The Eats: Bang Bar, 4750 California Ave. SW, 935-8888. Thai restaurant and lounge.
It's dinner and a show at Bang Bar.
The Deets: According to its website, West Seattle's Bang Bar derives the "Bang" part of its name from the Thai word for "town, city, district, or province." Conveniently located on the California strip just a few blocks from the Alaska junction, Bang Bar does have a few qualities that appeal to city locals: great location, good food, and tastefully modern Asian decor. But free of charge, this outwardly charming Thai bistro also offers the erratic booming of young ballet dancers practicing directly upstairs, courtesy of Kathy's Studio of Dance.
During a recent meal in the bistro, the pitter-pattering thuds were so inundating it was hard to identify if it was the stereo bass from passing cars (Toby's guess), a vigilante ring tone, or a troupe of tumbling clowns determined to demolish the building. When I asked our busser about the noise she responded cheerfully, "Oh, the dancers upstairs. They'll get tired soon!"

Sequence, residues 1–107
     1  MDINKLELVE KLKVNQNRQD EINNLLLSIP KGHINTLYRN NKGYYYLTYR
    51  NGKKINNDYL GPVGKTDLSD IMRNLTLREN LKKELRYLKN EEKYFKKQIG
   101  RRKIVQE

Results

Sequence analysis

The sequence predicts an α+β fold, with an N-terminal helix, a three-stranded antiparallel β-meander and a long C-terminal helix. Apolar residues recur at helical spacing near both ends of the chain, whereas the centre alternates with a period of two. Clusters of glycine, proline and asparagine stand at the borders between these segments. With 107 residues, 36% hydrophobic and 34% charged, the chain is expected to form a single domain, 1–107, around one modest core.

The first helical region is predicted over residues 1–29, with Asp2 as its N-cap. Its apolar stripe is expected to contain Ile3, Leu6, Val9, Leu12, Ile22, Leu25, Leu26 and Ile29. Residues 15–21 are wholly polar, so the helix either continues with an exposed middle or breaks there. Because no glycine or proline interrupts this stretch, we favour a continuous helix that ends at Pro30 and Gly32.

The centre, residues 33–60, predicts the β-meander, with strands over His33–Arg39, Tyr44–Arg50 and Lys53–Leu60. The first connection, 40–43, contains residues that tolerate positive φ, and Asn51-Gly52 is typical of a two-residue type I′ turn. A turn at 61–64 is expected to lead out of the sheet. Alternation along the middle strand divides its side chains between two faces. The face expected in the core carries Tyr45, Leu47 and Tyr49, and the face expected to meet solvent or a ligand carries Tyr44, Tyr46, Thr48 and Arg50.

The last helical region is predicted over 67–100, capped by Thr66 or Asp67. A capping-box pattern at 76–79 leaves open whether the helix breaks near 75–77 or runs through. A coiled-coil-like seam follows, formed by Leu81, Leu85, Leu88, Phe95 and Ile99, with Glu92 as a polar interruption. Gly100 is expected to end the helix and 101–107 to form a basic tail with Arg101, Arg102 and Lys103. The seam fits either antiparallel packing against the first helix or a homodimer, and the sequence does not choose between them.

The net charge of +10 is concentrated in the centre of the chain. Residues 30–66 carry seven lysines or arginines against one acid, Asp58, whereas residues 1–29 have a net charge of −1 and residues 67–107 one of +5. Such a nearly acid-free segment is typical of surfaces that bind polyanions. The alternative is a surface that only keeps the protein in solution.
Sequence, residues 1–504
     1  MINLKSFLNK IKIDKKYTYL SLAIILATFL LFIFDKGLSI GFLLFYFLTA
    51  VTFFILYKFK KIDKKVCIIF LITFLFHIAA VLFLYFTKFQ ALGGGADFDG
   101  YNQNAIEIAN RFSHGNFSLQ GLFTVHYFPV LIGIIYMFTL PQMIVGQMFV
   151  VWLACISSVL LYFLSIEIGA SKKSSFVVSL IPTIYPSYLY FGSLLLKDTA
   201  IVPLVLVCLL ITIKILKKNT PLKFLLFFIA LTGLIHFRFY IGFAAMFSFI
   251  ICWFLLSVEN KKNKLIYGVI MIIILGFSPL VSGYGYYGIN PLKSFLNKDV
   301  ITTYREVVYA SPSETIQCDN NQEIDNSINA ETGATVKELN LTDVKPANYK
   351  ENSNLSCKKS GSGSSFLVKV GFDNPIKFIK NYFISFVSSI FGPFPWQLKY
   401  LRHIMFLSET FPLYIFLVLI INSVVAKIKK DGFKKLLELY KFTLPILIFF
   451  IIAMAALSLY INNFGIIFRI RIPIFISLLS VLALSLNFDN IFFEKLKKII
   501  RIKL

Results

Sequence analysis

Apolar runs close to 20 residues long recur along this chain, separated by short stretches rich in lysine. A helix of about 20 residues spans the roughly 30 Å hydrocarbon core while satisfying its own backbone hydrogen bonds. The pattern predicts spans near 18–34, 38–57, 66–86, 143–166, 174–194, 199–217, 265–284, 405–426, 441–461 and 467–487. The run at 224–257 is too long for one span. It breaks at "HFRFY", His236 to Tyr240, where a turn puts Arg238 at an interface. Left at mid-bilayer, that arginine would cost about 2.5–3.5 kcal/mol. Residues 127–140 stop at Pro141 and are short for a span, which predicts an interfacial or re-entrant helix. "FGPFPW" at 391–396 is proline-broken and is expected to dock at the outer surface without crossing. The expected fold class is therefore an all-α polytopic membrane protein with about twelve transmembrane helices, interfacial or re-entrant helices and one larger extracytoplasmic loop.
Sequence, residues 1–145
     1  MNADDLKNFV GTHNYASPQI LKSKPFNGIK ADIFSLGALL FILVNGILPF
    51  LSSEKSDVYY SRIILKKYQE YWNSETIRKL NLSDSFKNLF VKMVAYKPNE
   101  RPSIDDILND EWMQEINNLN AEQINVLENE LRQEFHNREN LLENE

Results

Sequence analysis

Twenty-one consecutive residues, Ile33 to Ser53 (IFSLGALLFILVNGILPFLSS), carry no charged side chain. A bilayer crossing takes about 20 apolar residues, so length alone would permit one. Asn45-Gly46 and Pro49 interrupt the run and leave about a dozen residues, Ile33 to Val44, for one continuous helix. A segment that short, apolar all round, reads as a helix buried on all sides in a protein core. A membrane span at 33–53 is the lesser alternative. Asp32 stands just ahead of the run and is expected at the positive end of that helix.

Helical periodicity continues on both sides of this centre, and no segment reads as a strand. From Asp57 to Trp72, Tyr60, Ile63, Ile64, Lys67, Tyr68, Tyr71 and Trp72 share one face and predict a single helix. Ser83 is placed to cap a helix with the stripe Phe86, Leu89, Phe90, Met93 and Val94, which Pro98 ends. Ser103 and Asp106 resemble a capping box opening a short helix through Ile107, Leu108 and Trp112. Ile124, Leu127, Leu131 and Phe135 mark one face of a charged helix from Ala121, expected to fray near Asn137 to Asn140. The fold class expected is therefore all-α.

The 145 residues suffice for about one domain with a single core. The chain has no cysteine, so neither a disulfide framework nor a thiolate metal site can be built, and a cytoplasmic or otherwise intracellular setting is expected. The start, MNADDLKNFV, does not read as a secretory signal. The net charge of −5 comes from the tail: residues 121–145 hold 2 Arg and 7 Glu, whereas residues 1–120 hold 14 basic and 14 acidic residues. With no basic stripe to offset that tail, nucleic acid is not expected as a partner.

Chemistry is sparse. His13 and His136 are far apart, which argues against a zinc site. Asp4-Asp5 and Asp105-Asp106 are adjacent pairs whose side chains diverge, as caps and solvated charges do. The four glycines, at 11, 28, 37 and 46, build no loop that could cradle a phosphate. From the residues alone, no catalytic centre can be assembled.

Reality is, outside my immediate family, my tolerance for little people imposing on my dining experience--one I foot the bill for--is limited. I don't blame the kids or the proprietors of either neighboring joint--maybe, before moving in (remember Ama Ama Oyster House and Tom Yum Koong were former tenants of the same space), Bang Bar's owners didn't fully understand the extent of activity upstairs and how it would translate during meal time below. But with their mood lighting and a soundtrack of cool jazz spilling out onto the sidewalk, Bang Bar plays it off well and I wanted a piece of that Zen. I left instead with a full tummy and rattled nerves.
The Beets: Upside, no qualms about the food. My vegetarian Pad See Ewe was outstanding: its wide rice noodles were perfectly tender and blackened with a decadent soy sauce, and the veggies were wok-fried to a textbook crisp. Toby and I shared the fried eggplant with black flake salt and honey and it was pleasing, too--the Panko style breading and drizzled honey gave the dish the effect of "chicken fingers," and the eggplant stood up firmly to match the comparison. Toby's Bang Bar Noodle entree, wide noodles with veggies in a dry curry, was nice too, though a little too hot for me--he ordered it extra spicy.
Sadly, the drinks were disappointing, and cocktails and wine pours were skimpy. My cucumber mint martini and glass of house white were each history in a few gulps. Sure, maybe it the overhead assault that had me fumbling more frequently for my glass, but hey, BB: If we have to endure the thumps upstairs, can you at least dull our senses with a bit more booze?
The Tweet: Vegetarians have nice options at Bang Bar, but, in the bistro anyhow, they come at too dear a price!